Then there was Mrs Brown. As always, far from the worst. As a man from the Greater Ireland area I just hate seeing self-loathing Irish people dragging their hatred of themselves to a massive audience but I really think there was so much worse than Mrs Brown that night. That's how bad it was. And you couldn't really slag off Mrs Brown because OF COURSE it's going to be shit. That's what it does. And it was funny when the sketch clearly fucked up several times. Weirdly, they had nothing to cover the fuck-ups, which is odd because there are so many in the regular TV show that they improvise around for laughs. Unless they're staged fuck-ups? Nah, that's silly. But still there was so much goodwill from comedians on Twitter. "They're doing comedy for a good cause". They're not doing comedy and their hellish career is not a good cause.

There was one moment when it could have been good. One moment when comedy looked like it had given itself a shake and decided to be funny and make a point. Michael McIntyre (hear me out) walked around the studio audience and asked the ordinary people of Britain what they had done for Comic Relief. An ordinary person had raised £500 while dressed as an Arabian Knight, another ordinary person had raised £200 by sitting in their shed listening to Radio 1 for a fortnight and one ordinary person...questioned everything. How much had McIntyre given? Why are we seeing these celebrities everywhere months before Red Nose Day? Why aren't these wealthy celebrities giving money like we do? They're getting publicity, what do we get? Happiness. And that's OK because Comic Relief isn't about those career obsessed vultures. It's about us. The people. Giving to show we care, giving to make the world for other ordinary people like us a little better. Fuck the celebrities, WE ARE COMIC RELIEF.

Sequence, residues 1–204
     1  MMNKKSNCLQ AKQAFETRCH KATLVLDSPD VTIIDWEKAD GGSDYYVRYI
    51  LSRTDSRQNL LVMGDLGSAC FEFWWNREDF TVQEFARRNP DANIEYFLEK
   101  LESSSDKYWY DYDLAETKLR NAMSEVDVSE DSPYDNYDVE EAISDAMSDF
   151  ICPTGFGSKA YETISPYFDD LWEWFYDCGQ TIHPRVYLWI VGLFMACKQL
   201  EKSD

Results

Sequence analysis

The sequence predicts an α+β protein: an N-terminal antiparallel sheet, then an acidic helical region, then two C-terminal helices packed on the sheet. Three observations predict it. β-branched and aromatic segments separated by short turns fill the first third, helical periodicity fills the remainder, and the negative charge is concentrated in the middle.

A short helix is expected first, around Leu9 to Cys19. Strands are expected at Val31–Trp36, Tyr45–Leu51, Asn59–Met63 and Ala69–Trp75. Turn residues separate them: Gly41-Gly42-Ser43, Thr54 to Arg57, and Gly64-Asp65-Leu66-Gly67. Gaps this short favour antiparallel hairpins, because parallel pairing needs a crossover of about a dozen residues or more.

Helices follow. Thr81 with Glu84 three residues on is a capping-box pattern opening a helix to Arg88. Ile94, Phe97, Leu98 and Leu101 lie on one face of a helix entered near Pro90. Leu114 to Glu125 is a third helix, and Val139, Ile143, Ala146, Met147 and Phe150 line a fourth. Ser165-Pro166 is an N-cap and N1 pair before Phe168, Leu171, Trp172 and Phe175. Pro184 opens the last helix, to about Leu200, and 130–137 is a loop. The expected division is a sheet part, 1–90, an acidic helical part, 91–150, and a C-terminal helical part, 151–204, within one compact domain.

Brilliant. Except that that ordinary person was millionaire James Corden. Sigh...

Hello, Lenny.

Then there was Walliams. How can anyone defend him being on Funny for Money? To him, just being there is enough for all of us. To be honest, it's too much. He presented an hour or a month (it became hard to tell) with Alan Carr who constantly asked us to give ourselves a round of applause in that voice that sounds like a drowning cat. How have we tolerated David Walliams? How have gay people tolerated David Walliams? All he has is "LOOK! I'M PRETENDING TO BE GAY!" That's it. I mean, he also sometimes blacks up, Asians up and puts on a dress. I'm convinced that he thinks there is no one other than straight middle class men. Everyone else is fictional so it's fine to laugh at them. God, he's a cunt. I was lucky enough to be in the room when the brilliant Sean Lock called Walliams a pink minstrel. That's perfect. And he get's supported by the comedians on Twitter for giving up his time to do fuck all in front of the biggest audience a comedy show is likely to ever get. An opportunity that thousands of comedians would love and he brought NOTHING to it except himself and the word "Whoopsie". Turning up with nothing to an important TV slot GIVEN to him by Comic Relief makes him a thief. The fucking charity sucking vampire.

And it's not like you have to break your back for Comic Relief. Vic & Bob drinking 75 pints of beer while singing Without You is one of the funniest things I've ever seen. So utterly stupid and totally in the spirit of Comic Relief. Equally Peter Serafinowicz's Blankety Blank sketch and Ricky Gervais in Kenya (starring Johnny Candon as The Edge) are brilliant. And Friday's show had some great stuff too. Gervais's Equality Street was fun, the Call the Midwife/Doctor Who sketch was fact all the stuff with people from Gutted: A Revenger's Musical was terrific. And Rob Brydon was my favourite. He's got charm, that guy.

Of course, Comic Relief is brilliant and there's no real excuse to not give if you can afford to. Do you love someone? Would you spend £10 to help that loved one? Well, other people have loved ones but no £10's so text "YES" to 70010 and £10 goes to Comic Relief. It's a good thing so just forget about the comedians. Can we do it properly next time? Maybe start writing Funny for Money now instead of on the day? If not, I'm happy to get drunk and fall asleep on camera again.

Goobye, Lenny.